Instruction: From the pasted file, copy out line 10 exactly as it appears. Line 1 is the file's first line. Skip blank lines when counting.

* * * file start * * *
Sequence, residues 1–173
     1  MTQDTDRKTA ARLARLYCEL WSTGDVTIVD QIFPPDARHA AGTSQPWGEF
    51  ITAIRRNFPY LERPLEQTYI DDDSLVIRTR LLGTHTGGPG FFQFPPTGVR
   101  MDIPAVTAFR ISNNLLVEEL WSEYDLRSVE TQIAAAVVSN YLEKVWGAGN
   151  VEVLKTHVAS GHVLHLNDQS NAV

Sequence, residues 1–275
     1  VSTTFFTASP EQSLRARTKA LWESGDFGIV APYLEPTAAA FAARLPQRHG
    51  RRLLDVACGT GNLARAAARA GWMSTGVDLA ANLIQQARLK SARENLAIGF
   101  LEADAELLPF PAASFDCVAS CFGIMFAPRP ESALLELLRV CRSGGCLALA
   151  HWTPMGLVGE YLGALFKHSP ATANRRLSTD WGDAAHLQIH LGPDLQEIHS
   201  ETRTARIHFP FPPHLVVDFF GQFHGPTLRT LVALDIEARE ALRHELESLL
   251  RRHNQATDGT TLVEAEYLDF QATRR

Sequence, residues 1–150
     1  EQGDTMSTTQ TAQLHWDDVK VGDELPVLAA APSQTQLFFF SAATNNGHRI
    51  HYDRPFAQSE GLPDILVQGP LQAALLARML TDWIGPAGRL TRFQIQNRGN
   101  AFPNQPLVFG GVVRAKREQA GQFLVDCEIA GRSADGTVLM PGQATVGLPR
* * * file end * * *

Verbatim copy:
   151  HWTPMGLVGE YLGALFKHSP ATANRRLSTD WGDAAHLQIH LGPDLQEIHS